Fig. 8. Electron micrograph of a necrotic fiber (N) in longitudinal
section. An invasive cell (I) is observed within the fiber. A normal
muscle fiber (M) is adjacent to the necrotic fiber. X3,500.
MUSCLE FIBER TURNOVER
Fig. 9. Light micrographs of a group of fibers in cross section followed
at 1-mm intervals through the midregion of their length. One fiber
. the
(arrowheads) shows a spectrum of degenerative changes. ~ 9 6A)
fiber appears normal. B) The fiber shows vacuolation. C) The fiber is
enlarged. D) Only a basal lamina tube remains.
Fig. 10. Electron micrograph of the necrotic fiber seen in Figure 9C.
137
The fiber contains many swollen mitochondria (M). Sarcolemma is
fragmented. ~5,000.
Fig. 11. Electron micrograph of the necrotic fiber seen in Figure 9D.
Only a basal lamina tube remains containing a few swollen mitochondra (M).BL, basal lamina. ~ 2 , 2 5 0 .
138
C.J. GIDDINGS, W.B. NEAVES, AND W.J. GONYEA
.
0 -
FIBER AREA
-
-
TRAINED FCR
00:
0
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9-0
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4000
2000
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8( DO
FIBER AREA
In
FIBER AREA
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CONTROL FCR
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Fig. 12. Histograms of muscle fiber cross-sectional area of trained
and control samples.
organized. In the next segment, 1 mm away, the fiber
has a vacuolated appearance (Fig. 9B). Farther along its
length, the same fiber has a much greater cross-sectional area when compared to the previous sections (Fig.
9C). At this level the sarcolemma is fragmented and
there is a loss of organization of myofilaments. The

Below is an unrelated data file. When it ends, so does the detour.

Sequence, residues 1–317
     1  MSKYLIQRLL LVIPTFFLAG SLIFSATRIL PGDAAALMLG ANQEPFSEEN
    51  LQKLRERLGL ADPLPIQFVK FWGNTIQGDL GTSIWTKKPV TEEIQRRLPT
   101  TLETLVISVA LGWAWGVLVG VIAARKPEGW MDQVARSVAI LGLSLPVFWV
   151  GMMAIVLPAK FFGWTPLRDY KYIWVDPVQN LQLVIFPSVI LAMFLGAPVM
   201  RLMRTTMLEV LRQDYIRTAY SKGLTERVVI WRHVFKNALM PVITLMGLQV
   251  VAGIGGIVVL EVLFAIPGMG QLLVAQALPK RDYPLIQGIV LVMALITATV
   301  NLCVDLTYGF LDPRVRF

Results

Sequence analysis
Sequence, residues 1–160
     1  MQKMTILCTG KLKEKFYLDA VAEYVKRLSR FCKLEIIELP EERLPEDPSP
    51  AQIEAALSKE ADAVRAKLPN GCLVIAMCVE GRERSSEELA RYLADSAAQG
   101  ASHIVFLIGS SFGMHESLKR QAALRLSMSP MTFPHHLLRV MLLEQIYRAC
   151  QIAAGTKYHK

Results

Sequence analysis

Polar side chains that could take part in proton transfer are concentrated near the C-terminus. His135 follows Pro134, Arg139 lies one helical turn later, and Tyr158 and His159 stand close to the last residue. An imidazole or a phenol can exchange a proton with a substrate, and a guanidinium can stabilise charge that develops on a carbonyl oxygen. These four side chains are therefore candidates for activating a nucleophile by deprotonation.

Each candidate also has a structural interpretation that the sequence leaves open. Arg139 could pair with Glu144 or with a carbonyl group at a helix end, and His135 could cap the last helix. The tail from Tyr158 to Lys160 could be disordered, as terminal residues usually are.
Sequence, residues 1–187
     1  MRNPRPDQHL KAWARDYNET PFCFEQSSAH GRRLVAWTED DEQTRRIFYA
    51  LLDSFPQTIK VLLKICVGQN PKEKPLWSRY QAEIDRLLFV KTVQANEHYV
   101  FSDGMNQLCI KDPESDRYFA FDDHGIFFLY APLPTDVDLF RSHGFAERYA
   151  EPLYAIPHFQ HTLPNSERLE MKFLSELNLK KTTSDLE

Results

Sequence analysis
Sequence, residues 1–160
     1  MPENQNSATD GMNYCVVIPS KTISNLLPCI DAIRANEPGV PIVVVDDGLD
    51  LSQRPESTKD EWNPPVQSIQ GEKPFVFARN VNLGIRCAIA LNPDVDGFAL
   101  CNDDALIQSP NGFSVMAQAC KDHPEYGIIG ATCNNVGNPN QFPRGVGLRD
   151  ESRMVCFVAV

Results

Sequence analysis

mitochondria also appear swollen and disrupted (Fig.
10).The most extreme degenerative changes are seen in
Figure 9D where the fiber consists of only a basal lamina tube containing a few swollen mitochondria (Fig.
11).
The histograms of fiber areas indicated that trained
muscle contained both larger and smaller fibers than
were observed in matched control samples (Fig. 12).
Many of the largest fibers exhibited degenerative
changes over a part of their length. The small fibers
observed in the trained muscle were considered to be
regenerating or "new" fibers since they were observed
not to contain degenerative morphological changes (Fig.
13). Figure 16 shows the ultrastructural characteristics
of a small fiber from trained muscle. The fiber has a
peripherally located euchromatic nucleus, the contractile elements appear organized and densely packed, and
there are no indications of atrophy or degeneration. Satellik cells were present under the basal lamina of control and trained muscle fibers (Fig. 14).In trained muscle
"satellite-like" cells were observed containing myofilaments and may represent the development of new fibers
(Fig. 15).These cells were observed infrequently. At this
point we have not systematically sampled for satellite
MUSCLE FIBER TURNOVER
Fig. 13.Light micrograph from trained muscle showing very small
regenerating or “new” muscle fibers. Compare with figure 16, which
shows the ultrastructural features of one fiber (asterisk) from this
group. x97.
Fig. 14. Electron micrograph of satellite cells beneath the basal
lamina (BL)of A) trained fibers ( x 8,430) and B) control fibers ( ~ 8 , 2 6 0 ) .
139
Fig. 15. A) Electron micrograph of a “satellite-like” cell (S)observed
in trained muscle. A myonucleus (MN) is seen next to it. ~ 8 , 3 6 0B)
. A
higher magnification of a portion of the satellite-like cell showing
developing myofilaments. ~21,200.
140
C.J. GIDDINGS, W.B. NEAVES, AND W.J. GONYEA
Fig. 16. Electron micrograph of a small fiber seen in Figure 13. The
fiber shows no degenerative changes and therefore, represents a regenerating or “new” fiber. X3,971.
cells to determine the frequency of those containing
myofilaments. Such cells were not observed in control
muscle.
DISCUSSION
Muscle fiber necrosis has been reported following acute
eccentric exercise (forceful stretching of the muscle) in
rats trained to run downhill on a treadmill (Armstrong
et al., 1983).It appeared that the necrosis was associated
with the acute inflammatory response observed during
the initial stage of training. Fiber necrosis was also
observed as a result of marathon running in humans
(Hikida et al., 1983). In contrast to these studies in